Traffic Management System

City of San Antonio Future-Proofs Traffic Management System With Cradlepoint 4G LTE Networking

Cradlepoint has announced that it is helping the City of San Antonio scale its traffic management system to

Published By - knowledgeNile

With its population rapidly expanding and its traffic management system needing much better reliability and flexibility, the City of San Antonio, Texas, turned to 4G LTE connectivity through Cradlepoint’s primary Edge routing platforms with NetCloud Manager, the network management service available in the Cradlepoint NetCloud platform. Now San Antonio’s traffic network has reliable connectivity with the ability to expand and begin using untapped technology and applications to improve traffic flow and maximize civic resources.

The City of San Antonio, Texas, has a population of more than 1.4 million people—and is expected to grow by at least a million individuals within the next 20 years. Rapid growth required the city to seek smart, efficient expansion of its infrastructure and services. For instance, the city’s Traffic Management Center must be prepared to handle greatly heightened roadway usage.

The Traffic Management Center, with a staff of 16 people overseeing nearly 1,400 intersections, is responsible for traffic signal operations, lane control, the school flasher system, sensor-based detection devices, and nearly 60 video cameras that facilitate real-time monitoring.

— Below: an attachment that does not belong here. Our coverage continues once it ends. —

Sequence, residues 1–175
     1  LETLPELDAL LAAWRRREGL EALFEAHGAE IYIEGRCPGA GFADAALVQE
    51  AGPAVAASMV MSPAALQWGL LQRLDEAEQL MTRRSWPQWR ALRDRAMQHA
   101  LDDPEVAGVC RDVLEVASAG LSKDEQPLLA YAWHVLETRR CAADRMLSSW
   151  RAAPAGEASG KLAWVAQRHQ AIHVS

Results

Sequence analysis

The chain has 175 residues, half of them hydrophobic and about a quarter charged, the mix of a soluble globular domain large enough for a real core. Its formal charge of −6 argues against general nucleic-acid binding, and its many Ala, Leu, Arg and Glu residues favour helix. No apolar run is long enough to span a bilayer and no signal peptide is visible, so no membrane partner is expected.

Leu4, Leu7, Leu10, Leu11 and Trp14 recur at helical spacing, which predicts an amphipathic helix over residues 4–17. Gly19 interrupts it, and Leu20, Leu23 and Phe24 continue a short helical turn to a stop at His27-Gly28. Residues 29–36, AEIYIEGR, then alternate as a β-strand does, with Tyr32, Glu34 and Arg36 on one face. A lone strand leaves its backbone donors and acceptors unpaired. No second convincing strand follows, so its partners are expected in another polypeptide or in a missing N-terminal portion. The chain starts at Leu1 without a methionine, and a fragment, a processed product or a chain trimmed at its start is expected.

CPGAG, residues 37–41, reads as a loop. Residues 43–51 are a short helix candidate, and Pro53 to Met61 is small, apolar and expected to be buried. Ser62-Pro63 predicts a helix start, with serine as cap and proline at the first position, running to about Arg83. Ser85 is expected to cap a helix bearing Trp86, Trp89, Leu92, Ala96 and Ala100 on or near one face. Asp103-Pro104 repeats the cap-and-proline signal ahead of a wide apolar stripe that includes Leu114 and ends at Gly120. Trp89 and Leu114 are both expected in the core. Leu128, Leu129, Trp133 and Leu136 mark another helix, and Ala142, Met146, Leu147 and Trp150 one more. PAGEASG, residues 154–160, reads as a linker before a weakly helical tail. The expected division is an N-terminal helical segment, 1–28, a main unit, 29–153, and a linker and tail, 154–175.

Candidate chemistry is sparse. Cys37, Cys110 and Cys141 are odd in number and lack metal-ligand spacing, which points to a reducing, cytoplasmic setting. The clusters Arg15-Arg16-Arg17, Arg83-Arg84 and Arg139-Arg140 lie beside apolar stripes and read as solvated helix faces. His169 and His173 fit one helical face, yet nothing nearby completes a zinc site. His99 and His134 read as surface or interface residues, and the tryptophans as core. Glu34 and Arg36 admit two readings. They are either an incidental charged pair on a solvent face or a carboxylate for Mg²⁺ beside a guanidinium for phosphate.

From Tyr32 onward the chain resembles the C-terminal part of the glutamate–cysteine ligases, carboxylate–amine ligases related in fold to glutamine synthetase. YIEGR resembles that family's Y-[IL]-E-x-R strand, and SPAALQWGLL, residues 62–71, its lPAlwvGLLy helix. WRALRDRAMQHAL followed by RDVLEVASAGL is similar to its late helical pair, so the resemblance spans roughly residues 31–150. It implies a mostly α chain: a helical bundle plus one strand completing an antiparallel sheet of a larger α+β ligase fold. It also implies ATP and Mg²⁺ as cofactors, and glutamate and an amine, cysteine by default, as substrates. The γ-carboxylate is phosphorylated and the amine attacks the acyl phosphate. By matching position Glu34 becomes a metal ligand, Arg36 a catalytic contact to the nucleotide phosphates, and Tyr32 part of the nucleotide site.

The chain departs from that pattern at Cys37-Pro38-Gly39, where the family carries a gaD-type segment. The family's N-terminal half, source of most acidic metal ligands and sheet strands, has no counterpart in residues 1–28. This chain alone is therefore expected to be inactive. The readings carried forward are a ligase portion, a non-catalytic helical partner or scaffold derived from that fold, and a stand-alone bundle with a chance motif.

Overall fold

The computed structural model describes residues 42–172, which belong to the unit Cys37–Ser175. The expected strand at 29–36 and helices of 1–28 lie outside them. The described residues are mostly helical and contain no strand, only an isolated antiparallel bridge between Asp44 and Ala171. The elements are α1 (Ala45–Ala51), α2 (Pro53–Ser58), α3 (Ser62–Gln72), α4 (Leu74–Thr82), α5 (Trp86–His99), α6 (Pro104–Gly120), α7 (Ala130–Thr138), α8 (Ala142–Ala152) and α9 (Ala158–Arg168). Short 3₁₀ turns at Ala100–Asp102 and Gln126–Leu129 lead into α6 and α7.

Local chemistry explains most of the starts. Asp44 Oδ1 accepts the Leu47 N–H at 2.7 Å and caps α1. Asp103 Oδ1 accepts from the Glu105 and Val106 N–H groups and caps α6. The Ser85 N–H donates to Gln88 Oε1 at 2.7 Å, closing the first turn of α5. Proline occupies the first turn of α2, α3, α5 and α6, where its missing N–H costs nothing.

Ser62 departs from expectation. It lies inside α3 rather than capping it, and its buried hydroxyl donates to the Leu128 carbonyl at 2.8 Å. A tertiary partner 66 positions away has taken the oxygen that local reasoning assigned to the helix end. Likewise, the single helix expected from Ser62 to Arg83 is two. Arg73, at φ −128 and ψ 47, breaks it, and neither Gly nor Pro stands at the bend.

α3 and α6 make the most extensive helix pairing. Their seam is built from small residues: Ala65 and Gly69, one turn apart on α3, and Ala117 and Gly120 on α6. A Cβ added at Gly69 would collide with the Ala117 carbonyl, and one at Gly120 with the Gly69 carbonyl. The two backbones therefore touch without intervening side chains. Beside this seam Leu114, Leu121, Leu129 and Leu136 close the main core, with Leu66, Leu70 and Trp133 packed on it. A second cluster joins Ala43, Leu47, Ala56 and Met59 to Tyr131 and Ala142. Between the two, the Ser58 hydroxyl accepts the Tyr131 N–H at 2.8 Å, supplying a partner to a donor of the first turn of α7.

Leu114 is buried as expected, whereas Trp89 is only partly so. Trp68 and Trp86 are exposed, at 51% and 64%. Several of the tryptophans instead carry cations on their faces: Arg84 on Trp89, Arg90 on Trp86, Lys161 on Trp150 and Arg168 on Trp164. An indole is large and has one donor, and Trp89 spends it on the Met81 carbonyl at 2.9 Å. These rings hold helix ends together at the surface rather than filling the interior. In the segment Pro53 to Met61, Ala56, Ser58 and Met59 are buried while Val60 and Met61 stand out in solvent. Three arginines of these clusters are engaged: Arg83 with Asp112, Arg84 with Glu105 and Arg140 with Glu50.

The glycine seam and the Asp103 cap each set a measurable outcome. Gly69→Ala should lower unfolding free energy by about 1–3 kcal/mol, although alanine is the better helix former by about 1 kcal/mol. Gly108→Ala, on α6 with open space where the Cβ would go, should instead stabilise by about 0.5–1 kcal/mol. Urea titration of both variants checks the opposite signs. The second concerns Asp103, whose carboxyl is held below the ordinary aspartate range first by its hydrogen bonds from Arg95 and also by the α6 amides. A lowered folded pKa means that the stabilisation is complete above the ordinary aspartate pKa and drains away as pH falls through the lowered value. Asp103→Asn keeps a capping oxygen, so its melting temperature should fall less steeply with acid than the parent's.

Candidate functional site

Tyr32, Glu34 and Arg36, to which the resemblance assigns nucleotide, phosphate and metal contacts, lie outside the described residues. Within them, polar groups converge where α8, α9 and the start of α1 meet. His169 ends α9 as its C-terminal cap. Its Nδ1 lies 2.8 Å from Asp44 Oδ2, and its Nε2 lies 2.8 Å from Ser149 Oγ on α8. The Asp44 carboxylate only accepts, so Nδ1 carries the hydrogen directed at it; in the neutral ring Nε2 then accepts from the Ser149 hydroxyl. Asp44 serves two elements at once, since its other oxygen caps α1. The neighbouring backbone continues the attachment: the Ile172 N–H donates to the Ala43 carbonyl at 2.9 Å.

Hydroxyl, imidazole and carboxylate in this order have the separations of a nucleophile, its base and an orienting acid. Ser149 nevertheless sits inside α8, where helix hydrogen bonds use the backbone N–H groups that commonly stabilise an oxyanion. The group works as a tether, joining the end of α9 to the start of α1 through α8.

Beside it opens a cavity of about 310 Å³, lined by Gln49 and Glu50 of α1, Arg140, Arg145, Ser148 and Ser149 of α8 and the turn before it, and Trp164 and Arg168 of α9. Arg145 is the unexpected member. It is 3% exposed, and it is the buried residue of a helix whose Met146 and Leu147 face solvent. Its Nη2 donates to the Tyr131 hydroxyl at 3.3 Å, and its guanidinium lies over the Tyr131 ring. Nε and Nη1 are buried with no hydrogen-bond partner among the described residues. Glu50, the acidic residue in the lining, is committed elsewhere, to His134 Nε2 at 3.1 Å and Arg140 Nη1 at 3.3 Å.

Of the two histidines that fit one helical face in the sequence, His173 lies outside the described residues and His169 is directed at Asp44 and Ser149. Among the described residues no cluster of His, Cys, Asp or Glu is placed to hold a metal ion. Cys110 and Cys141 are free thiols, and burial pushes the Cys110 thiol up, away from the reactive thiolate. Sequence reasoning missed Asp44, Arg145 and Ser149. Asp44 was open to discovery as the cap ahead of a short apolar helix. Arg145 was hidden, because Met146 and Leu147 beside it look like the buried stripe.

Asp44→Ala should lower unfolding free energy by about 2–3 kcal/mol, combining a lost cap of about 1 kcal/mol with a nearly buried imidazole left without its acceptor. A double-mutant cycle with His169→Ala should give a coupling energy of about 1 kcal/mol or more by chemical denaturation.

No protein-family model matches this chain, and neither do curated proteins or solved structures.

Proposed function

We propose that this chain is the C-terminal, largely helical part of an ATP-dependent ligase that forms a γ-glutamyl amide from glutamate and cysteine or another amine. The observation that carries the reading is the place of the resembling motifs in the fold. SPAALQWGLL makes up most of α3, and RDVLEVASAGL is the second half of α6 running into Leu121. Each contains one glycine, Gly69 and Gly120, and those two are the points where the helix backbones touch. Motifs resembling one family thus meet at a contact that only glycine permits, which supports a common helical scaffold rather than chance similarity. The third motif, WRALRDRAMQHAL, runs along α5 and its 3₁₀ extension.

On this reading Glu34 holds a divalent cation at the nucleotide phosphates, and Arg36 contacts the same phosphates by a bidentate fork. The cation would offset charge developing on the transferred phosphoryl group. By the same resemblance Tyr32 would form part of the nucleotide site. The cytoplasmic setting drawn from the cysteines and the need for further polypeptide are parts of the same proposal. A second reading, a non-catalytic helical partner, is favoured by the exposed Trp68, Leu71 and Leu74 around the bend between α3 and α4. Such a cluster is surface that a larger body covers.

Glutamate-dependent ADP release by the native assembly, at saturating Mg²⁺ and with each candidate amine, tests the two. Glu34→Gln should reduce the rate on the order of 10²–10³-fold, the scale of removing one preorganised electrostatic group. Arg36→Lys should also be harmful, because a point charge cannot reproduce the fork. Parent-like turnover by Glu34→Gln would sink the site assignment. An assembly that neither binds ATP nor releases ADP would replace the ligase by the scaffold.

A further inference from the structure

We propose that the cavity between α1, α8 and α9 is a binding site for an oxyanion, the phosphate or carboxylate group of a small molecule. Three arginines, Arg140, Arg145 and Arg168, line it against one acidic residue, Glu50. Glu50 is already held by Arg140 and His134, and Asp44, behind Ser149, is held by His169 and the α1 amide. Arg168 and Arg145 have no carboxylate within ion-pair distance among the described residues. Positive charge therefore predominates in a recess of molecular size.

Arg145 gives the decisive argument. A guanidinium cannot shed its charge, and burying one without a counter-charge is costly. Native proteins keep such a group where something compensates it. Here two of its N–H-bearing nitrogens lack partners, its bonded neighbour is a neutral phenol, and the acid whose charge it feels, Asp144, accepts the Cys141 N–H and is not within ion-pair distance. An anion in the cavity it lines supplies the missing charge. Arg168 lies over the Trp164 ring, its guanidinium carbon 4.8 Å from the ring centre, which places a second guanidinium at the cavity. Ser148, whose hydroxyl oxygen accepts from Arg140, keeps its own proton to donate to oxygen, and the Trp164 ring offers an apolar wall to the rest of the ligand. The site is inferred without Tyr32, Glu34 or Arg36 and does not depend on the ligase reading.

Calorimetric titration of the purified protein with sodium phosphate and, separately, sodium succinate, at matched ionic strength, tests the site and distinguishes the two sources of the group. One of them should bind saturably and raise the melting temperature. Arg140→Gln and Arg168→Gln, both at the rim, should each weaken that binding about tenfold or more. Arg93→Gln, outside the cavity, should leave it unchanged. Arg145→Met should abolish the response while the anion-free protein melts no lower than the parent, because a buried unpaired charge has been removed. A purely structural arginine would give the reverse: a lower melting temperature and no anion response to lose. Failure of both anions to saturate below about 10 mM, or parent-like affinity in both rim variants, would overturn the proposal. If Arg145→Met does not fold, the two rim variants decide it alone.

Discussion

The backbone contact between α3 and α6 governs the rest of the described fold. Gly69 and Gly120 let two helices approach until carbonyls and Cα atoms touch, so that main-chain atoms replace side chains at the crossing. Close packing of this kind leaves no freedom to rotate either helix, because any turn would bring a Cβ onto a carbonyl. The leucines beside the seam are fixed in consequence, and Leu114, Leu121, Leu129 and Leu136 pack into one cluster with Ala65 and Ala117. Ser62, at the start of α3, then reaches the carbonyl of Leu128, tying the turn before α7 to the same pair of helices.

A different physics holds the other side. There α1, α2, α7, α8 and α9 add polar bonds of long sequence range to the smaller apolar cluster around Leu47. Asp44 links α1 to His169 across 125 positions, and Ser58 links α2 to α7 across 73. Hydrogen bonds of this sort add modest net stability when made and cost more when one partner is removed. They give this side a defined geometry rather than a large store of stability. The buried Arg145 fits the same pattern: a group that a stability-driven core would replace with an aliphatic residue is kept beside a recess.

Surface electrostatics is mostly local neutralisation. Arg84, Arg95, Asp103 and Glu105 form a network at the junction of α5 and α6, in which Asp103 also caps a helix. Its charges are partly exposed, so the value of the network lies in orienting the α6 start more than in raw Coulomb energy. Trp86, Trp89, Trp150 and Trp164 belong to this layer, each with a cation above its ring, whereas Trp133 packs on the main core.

The city’s traffic system is finely tuned. Even minor disruptions and technical issues can drastically hinder motorists’ ability to proceed through several green lights in succession during normal traffic flow.

In 2015, the City of San Antonio recognized the need to upgrade its complex traffic management system, which included a dozen radio towers throughout the city. About 300 intersections, featuring access points connected to wired lines, were serving as reference nodes for the remainder of the intersections, each of which featured a wireless access point.

The resultant radio-based wireless mesh network allowed traffic managers to remotely communicate with devices in the field, but not consistently. The staff could only engage with about 60 percent of the city’s intersections.

This proved problematic because remote access is what allows staff at headquarters to centrally monitor key applications, troubleshoot problems, and adjust the clocks that synchronize traffic lights and flow.